I could also get used the way the cabin surrounds you in luxurious comfort.  I’ve always felt that the inside of the ES 350 is not only a very nice place to be but feels like it’s worth a lot more than it actually costs.

And that’s one of the many nice things about the Lexus ES 350.  There’s also the drive. On the road, the ES 350 has plenty of power and torque to get the job done.  It isn’t sporty, despite the Sport mode, but this isn’t a true sports sedan (except perhaps the F Sport variant, but having not driven that I can’t attest to a difference).

What it is, is a great midsized luxury sedan priced to give others in its class a run for their money.  The Ultra Lux I had for my week priced out at $54, 050.  Taking off some of the stuff I wouldn’t care about would get it closer to the MSRP of $43,750 making it affordable to many.

The Lexus ES lineup has been around for many decades surviving the assault of SUVs, crossovers, and the like.  Every ES I ever spent a week with has reinforced why.  This latest week did nothing to change my mind, it’s a great value, a great luxury sedan, and I suspect could easily ride the cushion without tossing the groceries around the trunk.

The 2020 Lexus ES 350 Ultra Lux
MSRP: $43,750
MSRP (as tested): $54,050
Engine: 3.5-liter V6 302 horsepower @ 6600 rpm, 267 lb-ft @ 4700 rpm
Transmission: 8-Speed shiftable automatic
Fuel Mileage (EPA): 22 city, 32 highway, 26 combined
Fuel Mileage (as tested mixed conditions): 28 mpg
Base Curb Weight (lbs.): 3649

Exterior Dimensions
Wheelbase (in.): 113
Length, Overall (in.): 195.9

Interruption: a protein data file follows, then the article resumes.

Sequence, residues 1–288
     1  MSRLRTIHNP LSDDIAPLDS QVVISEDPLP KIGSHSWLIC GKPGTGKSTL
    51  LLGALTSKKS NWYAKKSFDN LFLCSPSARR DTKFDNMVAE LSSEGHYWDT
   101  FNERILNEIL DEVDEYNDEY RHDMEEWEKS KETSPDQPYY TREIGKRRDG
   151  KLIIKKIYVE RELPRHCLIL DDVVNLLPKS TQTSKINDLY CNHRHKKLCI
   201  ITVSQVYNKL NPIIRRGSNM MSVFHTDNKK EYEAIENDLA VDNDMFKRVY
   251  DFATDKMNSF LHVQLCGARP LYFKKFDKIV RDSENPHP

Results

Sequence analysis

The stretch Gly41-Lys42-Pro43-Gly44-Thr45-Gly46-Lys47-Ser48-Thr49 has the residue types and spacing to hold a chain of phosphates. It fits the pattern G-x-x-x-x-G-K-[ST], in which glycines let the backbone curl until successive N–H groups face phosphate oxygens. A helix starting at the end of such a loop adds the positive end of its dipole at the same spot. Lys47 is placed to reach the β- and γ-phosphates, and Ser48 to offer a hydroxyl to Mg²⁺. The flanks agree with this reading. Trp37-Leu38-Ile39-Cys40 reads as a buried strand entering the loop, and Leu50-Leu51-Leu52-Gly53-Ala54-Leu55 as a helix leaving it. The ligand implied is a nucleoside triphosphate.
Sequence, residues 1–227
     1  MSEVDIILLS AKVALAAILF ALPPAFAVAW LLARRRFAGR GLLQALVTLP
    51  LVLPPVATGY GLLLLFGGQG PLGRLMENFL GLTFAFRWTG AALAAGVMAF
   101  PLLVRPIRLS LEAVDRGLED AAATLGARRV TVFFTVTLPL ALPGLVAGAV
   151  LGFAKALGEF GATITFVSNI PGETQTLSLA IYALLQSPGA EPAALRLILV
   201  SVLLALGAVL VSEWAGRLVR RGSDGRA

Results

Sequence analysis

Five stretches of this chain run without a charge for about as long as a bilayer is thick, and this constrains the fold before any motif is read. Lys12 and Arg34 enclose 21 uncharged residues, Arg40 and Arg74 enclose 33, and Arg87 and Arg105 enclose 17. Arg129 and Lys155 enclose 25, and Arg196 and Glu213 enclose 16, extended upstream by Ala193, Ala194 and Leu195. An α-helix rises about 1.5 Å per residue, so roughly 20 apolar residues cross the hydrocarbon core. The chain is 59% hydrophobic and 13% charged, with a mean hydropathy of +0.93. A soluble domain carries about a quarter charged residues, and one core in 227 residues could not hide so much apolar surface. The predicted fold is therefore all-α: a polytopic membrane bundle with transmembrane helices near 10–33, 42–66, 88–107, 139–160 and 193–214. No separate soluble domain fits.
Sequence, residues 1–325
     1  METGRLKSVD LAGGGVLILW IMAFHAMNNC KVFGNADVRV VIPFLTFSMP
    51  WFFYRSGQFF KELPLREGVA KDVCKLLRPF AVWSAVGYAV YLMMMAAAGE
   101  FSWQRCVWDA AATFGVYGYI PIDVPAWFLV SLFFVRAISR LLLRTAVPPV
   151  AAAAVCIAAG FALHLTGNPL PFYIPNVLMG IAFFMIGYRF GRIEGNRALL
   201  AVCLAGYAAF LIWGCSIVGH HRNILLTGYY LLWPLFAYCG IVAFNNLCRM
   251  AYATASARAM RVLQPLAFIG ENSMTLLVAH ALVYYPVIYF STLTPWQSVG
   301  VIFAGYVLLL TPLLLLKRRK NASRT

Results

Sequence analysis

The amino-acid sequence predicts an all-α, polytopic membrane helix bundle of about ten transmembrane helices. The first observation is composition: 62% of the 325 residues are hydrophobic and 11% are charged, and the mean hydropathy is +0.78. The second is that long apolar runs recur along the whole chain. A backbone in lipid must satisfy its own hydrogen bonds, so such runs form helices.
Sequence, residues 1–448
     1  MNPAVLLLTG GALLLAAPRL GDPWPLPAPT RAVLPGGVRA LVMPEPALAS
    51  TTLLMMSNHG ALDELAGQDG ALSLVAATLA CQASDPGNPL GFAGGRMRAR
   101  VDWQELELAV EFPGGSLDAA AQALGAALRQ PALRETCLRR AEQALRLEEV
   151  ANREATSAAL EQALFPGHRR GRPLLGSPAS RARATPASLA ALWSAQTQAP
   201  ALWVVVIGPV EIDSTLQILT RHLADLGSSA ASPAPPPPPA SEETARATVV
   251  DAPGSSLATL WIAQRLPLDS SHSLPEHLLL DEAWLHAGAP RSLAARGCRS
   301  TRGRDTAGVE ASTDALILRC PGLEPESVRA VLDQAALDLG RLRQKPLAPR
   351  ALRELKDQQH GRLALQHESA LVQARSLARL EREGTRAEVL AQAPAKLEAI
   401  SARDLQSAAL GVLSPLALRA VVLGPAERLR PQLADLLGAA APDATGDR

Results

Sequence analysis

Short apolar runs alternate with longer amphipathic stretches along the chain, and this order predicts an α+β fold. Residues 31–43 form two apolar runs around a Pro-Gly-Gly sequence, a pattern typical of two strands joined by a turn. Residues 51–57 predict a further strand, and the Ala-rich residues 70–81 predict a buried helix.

Width, Max w/o mirrors (in.): 73.4
Height, Overall (in.): 56.9

Interior Dimensions
Passenger Capacity: 5
Passenger Volume (cu. ft.): 99.9
Front Head Room (in.): 37.5
Front Leg Room (in.): 42.4
Front Shoulder Room (in.): 55.9
Front Hip Room (in.): 55
Second Head Room (in.): 37.8
Second Leg Room (in.): 39.2
Second Shoulder Room (in.): 54.3
Second Hip Room (in.): 54.3
Trunk Volume (cu. ft.): 16.7

Warranty
Basic Warranty: 48 months or 50,000 miles
Powertrain Warranty: 72 months or 70,000 miles
Roadside Assistance:  48 months
Corrosion Perforation Warranty: 72 months, regardless of mileage

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Greg is a published award winning sportswriter who spent 23 years combined active and active reserve military service, much of that in and around the Special Operations community. Greg has been published in major publications across the country including the Los Angeles Times, the Cleveland Plain Dealer and the Atlanta Journal-Constitution. He was also a contributor to Chicken Soup for the NASCAR Soul, published in 2010, and the Christmas edition in 2016. He wrote as the NASCAR, Formula 1, Auto Reviews and National Veterans Affairs Examiner for Examiner.com and has appeared on Fox News. He holds a BS degree in communications, a Masters degree in psychology and is currently a PhD candidate majoring in psychology. He is currently the weekend Motorsports Editor for Autoweek.